It took a record six pitchers to no-hit the New York Yankees, and that wasn't the only bizarre thing about the Houston Astros' big night in the Bronx.
Forced to scramble after ace Roy Oswalt was injured, five relievers finished off the first no-hitter against the Yankees in 45 years.
Completing the Astros' 8-0 victory Wednesday night were: Pete Munro, Kirk Saarloos, Brad Lidge, Octavio Dotel and Billy Wagner.
"First appearance for most of us in Yankee Stadium," Wagner said. "What better place could there be? This is like the history book."
It was the most pitchers ever to combine on a no-hitter in the majors — four had twice done the trick.
The Yankees had gone 6,980 games — the longest streak in big league history — without being no-hit, since Hoyt Wilhelm's 1-0 victory for Baltimore on Sept. 20, 1958.
Since then, the proud franchise had won nine World Series titles and 15 AL pennants.
The last time New York was held hitless at Yankee Stadium was on Aug. 25, 1952, by Detroit's Virgil Trucks.
With Yankees' fans standing and applauding, Wagner pumped his fist as he stepped on first base to end it. Many of the Astros ran onto the field to give high-fives while the Yankees couldn't clear out of the dugout fast enough.
"This is one of the worst games I've ever been involved in," Yankees manager Joe Torre said. "It was a total, inexcusable performance."
Torre called it the low point for the Yankees since he started managing the club in 1996.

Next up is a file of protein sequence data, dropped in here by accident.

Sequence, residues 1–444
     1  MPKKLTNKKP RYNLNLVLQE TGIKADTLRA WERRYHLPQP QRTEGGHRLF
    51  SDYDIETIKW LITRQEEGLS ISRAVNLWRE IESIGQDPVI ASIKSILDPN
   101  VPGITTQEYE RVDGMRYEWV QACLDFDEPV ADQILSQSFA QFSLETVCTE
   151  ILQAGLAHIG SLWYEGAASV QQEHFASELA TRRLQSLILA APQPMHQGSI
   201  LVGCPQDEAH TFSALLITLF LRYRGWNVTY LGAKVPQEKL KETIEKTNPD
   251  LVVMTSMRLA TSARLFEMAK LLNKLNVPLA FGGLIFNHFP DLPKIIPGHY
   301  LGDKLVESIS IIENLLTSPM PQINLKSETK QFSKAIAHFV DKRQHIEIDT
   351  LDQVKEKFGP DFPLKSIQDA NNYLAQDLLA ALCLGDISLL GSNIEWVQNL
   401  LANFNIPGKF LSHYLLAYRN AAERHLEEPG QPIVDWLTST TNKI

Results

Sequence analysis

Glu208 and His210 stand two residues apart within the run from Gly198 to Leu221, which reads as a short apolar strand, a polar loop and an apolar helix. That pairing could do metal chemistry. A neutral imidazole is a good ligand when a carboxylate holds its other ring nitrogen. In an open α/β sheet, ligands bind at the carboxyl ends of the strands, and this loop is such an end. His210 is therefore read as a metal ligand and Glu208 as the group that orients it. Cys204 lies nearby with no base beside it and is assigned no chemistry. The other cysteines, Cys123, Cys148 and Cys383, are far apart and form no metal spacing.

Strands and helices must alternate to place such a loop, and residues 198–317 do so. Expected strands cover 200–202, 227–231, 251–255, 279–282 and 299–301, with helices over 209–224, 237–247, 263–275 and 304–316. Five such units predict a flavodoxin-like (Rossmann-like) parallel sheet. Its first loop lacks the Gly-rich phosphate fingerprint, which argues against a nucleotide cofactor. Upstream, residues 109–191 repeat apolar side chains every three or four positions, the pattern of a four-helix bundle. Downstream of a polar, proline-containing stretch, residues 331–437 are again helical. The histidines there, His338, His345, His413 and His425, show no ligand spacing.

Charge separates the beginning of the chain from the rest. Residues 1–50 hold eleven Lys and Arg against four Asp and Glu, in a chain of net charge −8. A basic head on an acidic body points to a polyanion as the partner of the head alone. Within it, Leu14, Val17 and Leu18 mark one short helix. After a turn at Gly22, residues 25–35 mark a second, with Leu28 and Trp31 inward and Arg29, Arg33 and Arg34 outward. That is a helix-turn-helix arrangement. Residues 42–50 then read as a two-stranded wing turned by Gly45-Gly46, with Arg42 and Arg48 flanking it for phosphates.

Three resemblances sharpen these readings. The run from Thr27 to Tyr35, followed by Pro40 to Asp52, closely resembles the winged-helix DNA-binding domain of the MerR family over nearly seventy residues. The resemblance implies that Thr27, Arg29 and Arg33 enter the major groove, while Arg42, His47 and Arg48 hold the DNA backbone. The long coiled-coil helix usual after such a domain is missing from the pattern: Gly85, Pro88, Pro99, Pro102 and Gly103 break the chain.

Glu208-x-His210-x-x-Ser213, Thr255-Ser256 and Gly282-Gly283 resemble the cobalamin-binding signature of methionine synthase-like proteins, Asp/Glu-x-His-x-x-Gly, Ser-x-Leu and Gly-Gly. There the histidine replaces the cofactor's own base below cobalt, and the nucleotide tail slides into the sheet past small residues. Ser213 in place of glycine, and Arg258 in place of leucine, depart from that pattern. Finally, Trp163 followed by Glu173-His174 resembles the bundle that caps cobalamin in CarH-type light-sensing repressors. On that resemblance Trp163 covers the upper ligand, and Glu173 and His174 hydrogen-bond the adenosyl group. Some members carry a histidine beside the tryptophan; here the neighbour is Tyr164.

New York dropped out of first place in the AL East, falling a half-game behind Boston. Torre held a team meeting after the loss.
"Tonight was an ugly, ugly performance," he said. "Once things started snowballing, I think we lost our composure."
Wagner, who kept the final ball, couldn't even hear the crowd as he wrapped up Houston's eighth win in nine games.
"My heart was about to pound out of my chest," he said.
The closest New York came to a hit was in the fifth inning against Saarloos, when Alfonso Soriano sent a fly ball into short left field. Lance Berkman, who hit a two-run run homer in the third inning, ran in, stuck out his glove and made a tumbling catch.
"It wasn't that close," Berkman said. "It probably looked more spectacular than it really was."
Third baseman Geoff Blum made a barehanded pickup on Juan Rivera in the third inning and threw him out at first.
"One guy usually goes out there and does it," Astros manager Jimy Williams said. "Maybe two, but not six."
By the time the Astros returned to their clubhouse, the Yankees had left bottles of Mumms champagne in front of the lockers of all six pitchers.
"That's how the Yankees are, they're pretty classy," Wagner said.
Many of the Astros hadn't even realized a no-hitter was in progress until the late innings — Wagner said Jeff Kent didn't even know it at the end of the game. But out in the bullpen, Wagner knew it would come down to him.
"I'm sitting out there going, `Oh my goodness,"' Wagner said. "Jimy doesn't even have to call."
Astros pitchers combined for 13 strikeouts, including four by Dotel in the eighth, which tied the major league record for an inning. Soriano reached when he struck out on a wild pitch.